Results tagged “anna bager” from IABlog
A room full of top mobile thought leaders gathered at the 5th annual IAB Mobile Marketplace yesterday. The IAB Mobile Marketing of Excellence was honored to lead the full day of keynote speakers, workshops, and town hall discussions on leveraging opportunities in mobile marketing. The time to act on those opportunities is now.
Inspired by an awesome event, I put together a list of 10 tweets from the event highlighting the power of mobile. Don’t hesitate to retweet them out!
Anna Bager: Mobile Ad Revenue has more than tripled and more than 50% of Americans have smartphones. #IABMB— iab (@iab) April 11, 2013
Thomas Fellger: There are now more mobile phones than toothbrushes. #IABMB— iab (@iab) April 11, 2013
Fellger: Mobile isn’t trying to change behavior. It enhances normal behavior. #IABMB— iab (@iab) April 11, 2013
Car manufacturers don’t sell cars anymore, they sell mobility. A great way to integrate mobile in their products. #IABMB— AmandaMDA (@AmandaMDA) April 11, 2013
Mobile first is no longer a strategy — it’s a reality. #IABMB— Dani Rosen (@DaniRosen) April 11, 2013
Paskalis: The perfect compliment to TV watching is the mobile device. #IABMB— iab (@iab) April 11, 2013
About the Author
Touch screens, high-speed data connections, GPS, and accelerometers; the ability to stream video, play games, buy stuff, take photos, and connect with friends through text, social networking, and the classic phone call; a tool for engaging consumers wherever they happen to be. Mobile devices are alive with capabilities. All too often, however, mobile marketing doesn’t take full advantage of this abundance. Not enough people know how to produce powerful brand experiences with the small screen and mobile setting just yet.
That’s why I was absolutely thrilled with the presence of mobile marketing at the 2012 Cannes Lions International Advertising Festival of Creativity. For anyone curious about producing vibrant and effective mobile campaigns, the big two mobile firsts at the 59th year of the annual event—the first-ever mobile awards category and the first-ever all-day forum dedicated to creativity in mobile advertising moderated by our own Randall Rothenberg, President and CEO, IAB—provided valuable instruction and inspiration.
At the last session of the historic IAB forum, “Secrets of the Mobile Superstars”, Thomas Fellger, founding partner and CEO at iconmobile, demonstrated how mobile can be used, not just for advertising, but also for innovative types of marketing by showcasing the breakthrough MINI Connected app. Car owners, after downloading the app and plugging their devices into equipped MINIs, can gain access to features like a navigation system, thousands of online radio stations, the ability to scan and post to Facebook, and a dynamic music system that creates an audio experience based on the characteristics of the drive itself. The MINI Connected app literally changes the experience of using the car, building brand loyalty in the process. Also from the stage, Per Holmkvist, Founder and Senior Advisor at Mobiento, told the audience it’s time to move past why mobile and to focus instead on how mobile, and to use apps only to “superserve” consumers. Colleen DeCourcy, CEO and founder of Socalistic, advised marketers to think of mobile as an extension of their brand and product line, to obsess over the nuances of behavior and interaction, and to make mobile the enabler within a larger ecosystem.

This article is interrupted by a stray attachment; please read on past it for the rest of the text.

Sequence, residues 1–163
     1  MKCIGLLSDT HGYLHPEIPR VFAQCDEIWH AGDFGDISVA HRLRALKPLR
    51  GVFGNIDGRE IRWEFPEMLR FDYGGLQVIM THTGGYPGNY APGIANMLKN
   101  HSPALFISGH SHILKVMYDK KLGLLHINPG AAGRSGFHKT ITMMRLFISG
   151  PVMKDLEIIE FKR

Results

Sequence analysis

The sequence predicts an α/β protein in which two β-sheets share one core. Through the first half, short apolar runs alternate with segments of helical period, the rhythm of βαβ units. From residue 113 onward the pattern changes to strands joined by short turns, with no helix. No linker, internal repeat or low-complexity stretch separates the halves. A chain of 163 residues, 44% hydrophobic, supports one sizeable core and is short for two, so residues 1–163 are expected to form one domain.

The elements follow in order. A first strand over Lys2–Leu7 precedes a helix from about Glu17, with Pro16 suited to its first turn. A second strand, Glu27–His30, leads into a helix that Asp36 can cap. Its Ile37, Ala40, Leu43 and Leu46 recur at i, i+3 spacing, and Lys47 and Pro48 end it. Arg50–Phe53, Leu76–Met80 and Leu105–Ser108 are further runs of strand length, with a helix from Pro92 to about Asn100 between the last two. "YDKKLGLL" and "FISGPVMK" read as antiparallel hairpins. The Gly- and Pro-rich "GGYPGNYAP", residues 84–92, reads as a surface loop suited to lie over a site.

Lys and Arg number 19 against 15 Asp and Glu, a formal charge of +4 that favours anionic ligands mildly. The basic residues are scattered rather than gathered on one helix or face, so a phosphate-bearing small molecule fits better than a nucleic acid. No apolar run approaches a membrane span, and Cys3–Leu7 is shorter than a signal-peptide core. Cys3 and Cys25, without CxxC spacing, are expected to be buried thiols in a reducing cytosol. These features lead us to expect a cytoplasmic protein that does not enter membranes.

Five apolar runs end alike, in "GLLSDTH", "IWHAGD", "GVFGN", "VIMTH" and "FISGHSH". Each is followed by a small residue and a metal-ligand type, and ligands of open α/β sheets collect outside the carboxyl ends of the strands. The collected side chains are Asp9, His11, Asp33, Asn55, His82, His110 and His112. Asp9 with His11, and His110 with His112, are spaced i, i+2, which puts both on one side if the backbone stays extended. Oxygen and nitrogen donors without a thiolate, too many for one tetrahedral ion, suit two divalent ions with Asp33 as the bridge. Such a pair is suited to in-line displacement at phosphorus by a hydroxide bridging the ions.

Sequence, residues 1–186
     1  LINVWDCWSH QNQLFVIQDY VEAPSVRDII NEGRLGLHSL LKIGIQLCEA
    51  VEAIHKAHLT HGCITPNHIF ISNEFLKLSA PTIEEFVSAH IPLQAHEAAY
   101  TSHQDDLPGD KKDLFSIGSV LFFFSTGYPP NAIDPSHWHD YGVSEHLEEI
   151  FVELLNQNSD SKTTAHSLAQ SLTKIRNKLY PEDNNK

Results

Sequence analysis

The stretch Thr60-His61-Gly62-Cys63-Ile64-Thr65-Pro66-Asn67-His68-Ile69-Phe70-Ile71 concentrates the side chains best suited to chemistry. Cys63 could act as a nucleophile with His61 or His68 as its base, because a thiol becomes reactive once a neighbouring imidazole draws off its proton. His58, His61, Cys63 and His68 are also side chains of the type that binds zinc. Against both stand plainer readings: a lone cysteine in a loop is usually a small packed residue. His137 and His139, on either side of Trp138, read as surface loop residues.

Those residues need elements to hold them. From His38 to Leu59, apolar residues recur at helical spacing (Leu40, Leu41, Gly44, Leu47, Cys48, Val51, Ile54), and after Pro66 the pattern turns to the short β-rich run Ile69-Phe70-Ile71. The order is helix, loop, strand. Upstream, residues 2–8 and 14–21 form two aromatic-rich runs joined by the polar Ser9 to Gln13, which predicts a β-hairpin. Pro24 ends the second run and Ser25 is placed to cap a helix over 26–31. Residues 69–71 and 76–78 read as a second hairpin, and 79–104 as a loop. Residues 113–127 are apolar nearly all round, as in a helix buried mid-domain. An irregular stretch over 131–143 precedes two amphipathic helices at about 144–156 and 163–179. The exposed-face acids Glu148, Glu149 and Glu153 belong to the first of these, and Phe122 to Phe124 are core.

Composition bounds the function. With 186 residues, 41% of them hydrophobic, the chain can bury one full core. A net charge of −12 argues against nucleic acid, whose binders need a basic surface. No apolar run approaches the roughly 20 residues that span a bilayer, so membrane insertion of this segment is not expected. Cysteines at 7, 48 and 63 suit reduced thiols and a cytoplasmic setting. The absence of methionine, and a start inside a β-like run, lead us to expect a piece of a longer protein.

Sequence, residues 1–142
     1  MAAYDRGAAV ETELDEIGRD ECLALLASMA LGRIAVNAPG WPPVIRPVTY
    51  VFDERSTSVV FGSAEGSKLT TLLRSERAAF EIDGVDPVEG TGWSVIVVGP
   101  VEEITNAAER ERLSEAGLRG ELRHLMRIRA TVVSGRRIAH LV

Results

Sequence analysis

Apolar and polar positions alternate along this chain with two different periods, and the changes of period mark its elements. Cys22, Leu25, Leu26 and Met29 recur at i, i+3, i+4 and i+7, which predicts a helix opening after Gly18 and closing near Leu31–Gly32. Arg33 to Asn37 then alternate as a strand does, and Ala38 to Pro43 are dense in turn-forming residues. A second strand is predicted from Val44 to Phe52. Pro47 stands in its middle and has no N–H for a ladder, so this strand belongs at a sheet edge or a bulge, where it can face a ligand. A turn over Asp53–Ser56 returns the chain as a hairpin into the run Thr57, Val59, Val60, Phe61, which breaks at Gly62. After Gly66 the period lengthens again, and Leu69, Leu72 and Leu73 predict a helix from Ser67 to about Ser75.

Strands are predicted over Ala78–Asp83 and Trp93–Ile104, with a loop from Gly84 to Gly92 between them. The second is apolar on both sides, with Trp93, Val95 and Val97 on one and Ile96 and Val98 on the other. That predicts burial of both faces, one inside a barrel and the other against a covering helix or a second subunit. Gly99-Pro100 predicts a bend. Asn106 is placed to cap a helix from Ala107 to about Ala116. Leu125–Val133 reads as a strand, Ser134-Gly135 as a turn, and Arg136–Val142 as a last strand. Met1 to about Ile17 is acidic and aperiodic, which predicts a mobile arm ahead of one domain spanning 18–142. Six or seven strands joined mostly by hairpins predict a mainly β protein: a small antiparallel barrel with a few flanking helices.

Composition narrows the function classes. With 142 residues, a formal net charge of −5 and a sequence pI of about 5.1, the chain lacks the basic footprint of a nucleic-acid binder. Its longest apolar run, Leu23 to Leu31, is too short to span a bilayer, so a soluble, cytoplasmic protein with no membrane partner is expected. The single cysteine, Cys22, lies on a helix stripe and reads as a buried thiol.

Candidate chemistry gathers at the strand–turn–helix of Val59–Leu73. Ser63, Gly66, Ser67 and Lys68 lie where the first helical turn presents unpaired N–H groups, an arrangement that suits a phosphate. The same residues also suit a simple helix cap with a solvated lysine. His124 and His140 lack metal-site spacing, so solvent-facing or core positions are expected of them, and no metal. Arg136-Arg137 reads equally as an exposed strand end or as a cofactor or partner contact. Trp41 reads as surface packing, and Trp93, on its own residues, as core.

At another session, MEC Global highlighted the important notion of mobile first, which means embracing mobile at the very outset of campaign development in order to build out from it and deeply incorporate its capabilities into multi-channel initiatives. The Cannes Gold Mobile Lion winner in the category “Use of Multiple Screens or Networked Mobile Technology,” illustrated the enormous advantages of this type of extensive mobile integration. For the Super Bowl this year, Chevrolet and Goodby Silverstein & Partners designed the Chevy Game Time app to give viewers an incentive to watch the Chevy commercials very closely and to interact with the brand throughout the game. Here’s how it worked: Super Bowl viewers, who were also app users, would answer trivia questions about the brand’s ads during the game—and in return, they’d receive a unique license plate number. If they saw their plate number in a later ad, they had won a car. With a game-inspired app, a car as an incentive to play, and real-time association with content, the brand interacted with 700,000 users.